Social media pitfalls brand managers should avoid

From associating with irrelevant influencers to a lack of multi-strategy approach for social platforms, exchange4media delves into the social media blunders that brands are prone to making

by Abhinn Shreshtha
Published - Jun 27, 2014 7:56 AM Updated: Jun 27, 2014 7:56 AM
Social media pitfalls brand managers should avoid

Social media is a powerful marketing tool. But as with any new tool, there are a number of pitfalls that can crop up from time to time. We take a look at some costly social media blunders that brand managers can avoid.

Not having a social media policy
Everyone talks about having a social media strategy but it is equally important to have proper guidelines in place which cover every eventuality. From how to handle social gaffes to the right protocol to follow while escalating consumer queries, if there is a ready roadmap which is known by every person in the social media team it will cause less heartburn and confusion later on.

Having one strategy for every social network
Another common mistake made by many brands is putting every single social network in the same bracket. But this ‘holistic’ strategy does not work. What might be feasible on Facebook might not work on Twitter and vice versa. Apart from this, there are a number of specific characteristics of every social network which can be leveraged individually. For example, Pinterest is a very visual medium, so a content strategy for it should include lots of images and visual elements. Similarly, Twitter is a real-time medium so it is important to monitor it 24x7 and be prompt in responding to trends and queries.

Don’t buy likes and followers
No one wants to admit this but this practice is still quite common across the world. Just like during the early 2000s we had fly-by-night operators who would sell ‘clicks’ on digital banner advertisements, there are plenty of ways in which brands which are only considered about numbers can get likes and followers, but does this work in the long run? Not at all, the likes the brand acquires through this manner are hollow. The followers are not brand loyalists and will not generate any meaningful conversation. Just having a numbers-only outlook towards social media usually leads people down this road. Numbers are important but do not let it be the only overriding criterion for determining the brand’s social media success.

Don’t over rely on influencers
Social media influencers are a great way for brands to amplify their message, increase brand trust and improve user interactions. However, it has also been noticed that many brands approach this in a very simplistic and one-dimensional manner. The usual approach is to identify the people with the most followers and then have them talk about your brand or hold contests, etc. But what most brand managers do not pay attention to is the quality of the influencer’s network and how closely it relates to the product’s TG. For example, if an influencer who talks mostly about food is hired by Sony to talk about their latest TV, there is going to be a massive disconnect between the brand and the audience. Identify the right people for your brand and the message. These people might need not always be the ones with the largest networks or the most popular.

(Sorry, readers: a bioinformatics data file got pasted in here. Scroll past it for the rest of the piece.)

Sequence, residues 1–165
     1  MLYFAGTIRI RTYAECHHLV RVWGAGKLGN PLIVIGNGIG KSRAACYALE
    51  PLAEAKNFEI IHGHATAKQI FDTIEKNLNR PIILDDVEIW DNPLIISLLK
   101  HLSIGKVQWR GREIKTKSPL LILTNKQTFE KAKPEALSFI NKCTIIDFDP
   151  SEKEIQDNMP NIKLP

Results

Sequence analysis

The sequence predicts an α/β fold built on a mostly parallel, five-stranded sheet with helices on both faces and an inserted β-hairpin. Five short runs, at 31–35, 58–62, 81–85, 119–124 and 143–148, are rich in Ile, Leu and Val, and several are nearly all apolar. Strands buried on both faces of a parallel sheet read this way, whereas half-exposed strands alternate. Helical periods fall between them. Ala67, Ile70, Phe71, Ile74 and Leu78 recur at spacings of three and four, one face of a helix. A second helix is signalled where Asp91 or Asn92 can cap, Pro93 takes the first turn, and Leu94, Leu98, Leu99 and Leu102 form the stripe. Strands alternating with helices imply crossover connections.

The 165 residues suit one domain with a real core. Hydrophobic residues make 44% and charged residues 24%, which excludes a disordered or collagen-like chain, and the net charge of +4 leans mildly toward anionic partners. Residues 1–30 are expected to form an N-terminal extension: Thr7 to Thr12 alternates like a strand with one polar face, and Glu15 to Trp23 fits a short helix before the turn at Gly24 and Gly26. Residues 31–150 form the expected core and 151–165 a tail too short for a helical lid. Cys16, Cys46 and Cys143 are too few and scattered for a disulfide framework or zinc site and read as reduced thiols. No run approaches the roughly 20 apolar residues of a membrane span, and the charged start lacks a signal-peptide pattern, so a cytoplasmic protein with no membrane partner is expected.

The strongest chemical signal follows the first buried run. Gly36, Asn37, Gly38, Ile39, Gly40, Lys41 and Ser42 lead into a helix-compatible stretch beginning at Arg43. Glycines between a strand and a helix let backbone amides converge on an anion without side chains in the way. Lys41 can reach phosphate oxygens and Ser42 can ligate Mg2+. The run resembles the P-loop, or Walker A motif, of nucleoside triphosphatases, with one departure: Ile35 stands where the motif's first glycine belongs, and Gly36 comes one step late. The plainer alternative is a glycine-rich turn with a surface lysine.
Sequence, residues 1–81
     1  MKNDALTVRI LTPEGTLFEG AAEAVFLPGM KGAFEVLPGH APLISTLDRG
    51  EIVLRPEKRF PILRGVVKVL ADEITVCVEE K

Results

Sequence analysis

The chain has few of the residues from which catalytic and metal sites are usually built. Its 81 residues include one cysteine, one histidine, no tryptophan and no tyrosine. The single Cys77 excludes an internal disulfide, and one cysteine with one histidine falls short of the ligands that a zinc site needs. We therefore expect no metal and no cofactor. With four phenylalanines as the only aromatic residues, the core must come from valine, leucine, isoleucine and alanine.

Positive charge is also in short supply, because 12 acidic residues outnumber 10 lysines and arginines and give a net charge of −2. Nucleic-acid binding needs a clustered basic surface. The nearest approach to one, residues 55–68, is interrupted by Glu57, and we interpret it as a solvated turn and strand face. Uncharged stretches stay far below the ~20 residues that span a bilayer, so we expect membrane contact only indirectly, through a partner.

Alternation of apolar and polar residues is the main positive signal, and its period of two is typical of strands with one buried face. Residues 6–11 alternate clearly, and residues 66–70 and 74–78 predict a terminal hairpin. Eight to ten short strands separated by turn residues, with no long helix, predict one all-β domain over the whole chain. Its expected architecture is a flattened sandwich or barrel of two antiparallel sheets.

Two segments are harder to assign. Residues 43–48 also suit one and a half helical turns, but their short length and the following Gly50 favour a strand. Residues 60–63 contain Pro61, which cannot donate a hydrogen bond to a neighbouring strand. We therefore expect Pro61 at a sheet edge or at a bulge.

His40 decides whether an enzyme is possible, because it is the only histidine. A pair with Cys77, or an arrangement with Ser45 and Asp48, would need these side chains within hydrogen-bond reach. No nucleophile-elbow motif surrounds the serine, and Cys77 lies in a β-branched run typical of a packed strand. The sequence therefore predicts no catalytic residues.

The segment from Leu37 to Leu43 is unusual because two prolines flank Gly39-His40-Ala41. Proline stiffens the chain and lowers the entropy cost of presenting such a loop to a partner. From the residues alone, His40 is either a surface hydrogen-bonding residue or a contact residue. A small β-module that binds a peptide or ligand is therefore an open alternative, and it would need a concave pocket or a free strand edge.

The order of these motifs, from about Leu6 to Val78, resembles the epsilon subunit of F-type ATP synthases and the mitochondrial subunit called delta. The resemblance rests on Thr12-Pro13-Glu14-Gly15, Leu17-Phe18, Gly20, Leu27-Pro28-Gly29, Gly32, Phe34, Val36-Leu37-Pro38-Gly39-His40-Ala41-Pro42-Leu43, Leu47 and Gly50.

Be consistent
You need not have a pre-determined ‘quota’ of posts per day, but it also does not mean that there is a lot of fluctuation in your posts; both in terms of quantity and timing. Also, some brands seem to disappear and then re-appear only when they have something to announce. Social media is not like traditional media. It is important that your audience keeps seeing you on a daily basis. It need not have to be a new communication all the time. Just converse, talk about something generic or trending at that point of time. The opportunities are endless.

Be human, not a machine
Nothing irritates a customer more than to get generic, “Our customer care team will get in touch with you” messages in response to a query. The fact that they have taken the effort to write to you about a query means they want a speedy resolution or, at the very least, an assurance that sounds trustworthy. Sending out automated responses, some of which lead to faux pas themselves, does not help. This ties back to our earlier point of having a social media policy for your team. The social manager should know exactly how empowered his, what he is allowed to promise to the customer, etc. This facet of social media has yet to be explored by Indian brands but it will go a long way in improving your brand’s standing with your audience and customers.

Don’t overuse hashtags
Apart from the very simple fact that everyone hates it, it also makes the post confusing to read and just creates too many things to track on the internet. Decide on one or two hashtags and stick to them. This will also generate more meaningful results when analyzed at the end of the campaign. Hashtags should generally be used as they help to make posts easier to search for and remember. Filling up posts with them is contrary to this purpose.

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